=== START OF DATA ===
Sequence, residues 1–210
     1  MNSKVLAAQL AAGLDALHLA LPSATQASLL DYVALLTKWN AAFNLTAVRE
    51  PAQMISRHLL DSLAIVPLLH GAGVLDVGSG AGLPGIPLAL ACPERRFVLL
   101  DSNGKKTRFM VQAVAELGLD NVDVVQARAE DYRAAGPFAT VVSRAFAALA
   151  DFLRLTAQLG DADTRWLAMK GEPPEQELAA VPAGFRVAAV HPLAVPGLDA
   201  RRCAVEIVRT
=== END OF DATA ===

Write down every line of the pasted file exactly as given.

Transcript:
Sequence, residues 1–210
     1  MNSKVLAAQL AAGLDALHLA LPSATQASLL DYVALLTKWN AAFNLTAVRE
    51  PAQMISRHLL DSLAIVPLLH GAGVLDVGSG AGLPGIPLAL ACPERRFVLL
   101  DSNGKKTRFM VQAVAELGLD NVDVVQARAE DYRAAGPFAT VVSRAFAALA
   151  DFLRLTAQLG DADTRWLAMK GEPPEQELAA VPAGFRVAAV HPLAVPGLDA
   201  RRCAVEIVRT